You make your own hope

So due to our need to stay positive, I ask you to think about your life:

  • How long have you had your chronic illness?
  • What drugs have you been prescribed?
  • Are those drugs having a positive effect?
  • Have you been given any dietary advice?
  • Do you see light at the end of your road?
  • Do you believe you can make a difference?

I do not intend to try to offer you advice. Each of us is a different person. And each of will require a different course of action.

Rather, you should decide on the best options for you. Much as I would like to hand you a magic answer that would give you hope. I cannot do that, I am still looking for my own ideal solution.

Because the answer is with you, you need to set about finding it within yourself.

First of all, find a mantra that will work for you. I will suggest a few that might work:

  • Me is an MS warrior
  • I can beat this disease
  • I have a brain, and I’m willing to use it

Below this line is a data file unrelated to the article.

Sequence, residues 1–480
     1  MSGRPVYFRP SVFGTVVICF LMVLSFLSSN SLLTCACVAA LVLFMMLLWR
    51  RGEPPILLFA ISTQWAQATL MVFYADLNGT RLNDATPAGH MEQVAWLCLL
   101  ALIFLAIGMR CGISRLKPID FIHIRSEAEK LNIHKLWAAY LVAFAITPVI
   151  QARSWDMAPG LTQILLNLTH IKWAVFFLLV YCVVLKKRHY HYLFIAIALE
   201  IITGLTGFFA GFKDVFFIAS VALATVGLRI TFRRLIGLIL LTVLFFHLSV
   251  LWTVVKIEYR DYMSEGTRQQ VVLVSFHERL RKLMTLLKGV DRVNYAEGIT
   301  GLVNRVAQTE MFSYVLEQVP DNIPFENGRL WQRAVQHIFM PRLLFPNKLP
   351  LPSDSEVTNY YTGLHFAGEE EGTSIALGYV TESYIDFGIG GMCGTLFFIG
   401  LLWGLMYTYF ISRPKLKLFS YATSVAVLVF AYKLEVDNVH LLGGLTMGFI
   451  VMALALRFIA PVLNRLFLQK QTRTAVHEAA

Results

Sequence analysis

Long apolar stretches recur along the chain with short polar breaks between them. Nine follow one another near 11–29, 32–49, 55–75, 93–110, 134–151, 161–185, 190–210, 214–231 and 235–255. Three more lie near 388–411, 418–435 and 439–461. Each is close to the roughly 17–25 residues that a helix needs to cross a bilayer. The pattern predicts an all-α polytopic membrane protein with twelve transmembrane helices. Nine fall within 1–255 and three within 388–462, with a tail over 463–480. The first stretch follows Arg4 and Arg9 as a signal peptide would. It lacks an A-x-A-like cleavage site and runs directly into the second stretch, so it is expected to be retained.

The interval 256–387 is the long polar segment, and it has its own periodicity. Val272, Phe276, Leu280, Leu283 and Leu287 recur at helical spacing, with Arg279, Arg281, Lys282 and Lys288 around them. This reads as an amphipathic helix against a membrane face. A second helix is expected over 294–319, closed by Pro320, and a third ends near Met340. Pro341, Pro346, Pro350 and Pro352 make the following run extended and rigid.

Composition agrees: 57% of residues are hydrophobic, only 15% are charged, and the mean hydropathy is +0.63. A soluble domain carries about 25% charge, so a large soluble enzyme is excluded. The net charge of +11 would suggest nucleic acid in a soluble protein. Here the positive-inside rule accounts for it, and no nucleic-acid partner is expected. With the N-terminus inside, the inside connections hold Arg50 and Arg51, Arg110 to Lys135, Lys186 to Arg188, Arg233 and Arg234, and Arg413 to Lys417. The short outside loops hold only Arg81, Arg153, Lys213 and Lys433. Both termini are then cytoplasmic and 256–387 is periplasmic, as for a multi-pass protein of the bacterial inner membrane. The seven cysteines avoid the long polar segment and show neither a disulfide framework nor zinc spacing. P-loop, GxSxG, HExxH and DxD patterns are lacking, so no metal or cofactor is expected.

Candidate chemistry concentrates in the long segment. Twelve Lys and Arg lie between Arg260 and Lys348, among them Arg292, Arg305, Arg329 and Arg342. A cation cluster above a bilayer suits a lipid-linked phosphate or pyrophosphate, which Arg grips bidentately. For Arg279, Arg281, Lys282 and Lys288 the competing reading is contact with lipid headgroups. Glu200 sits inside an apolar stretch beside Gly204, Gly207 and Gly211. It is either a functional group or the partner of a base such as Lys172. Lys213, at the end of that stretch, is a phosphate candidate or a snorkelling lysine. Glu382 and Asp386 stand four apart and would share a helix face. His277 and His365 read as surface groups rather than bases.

• Defeat is not in my vocabulary

You are more than welcome to ignore these suggestions. Only you will know the type of message you need to reinforce in your subconscious memory.

Because our subconscious mind is beyond our normal, thought processes. So due to his form of isolation, message-repetition is the best way to alter your unconscious thinking.

Unlikely Positive Signals

As a complete aside, my wife and I visited our local discounter supermarket. This is of relevance only if you are interested in dietary improvements.

My wife wanted to get to the supermarket early this morning. The weather was a little wet and she asked if I wanted my wheelchair loaded into the car.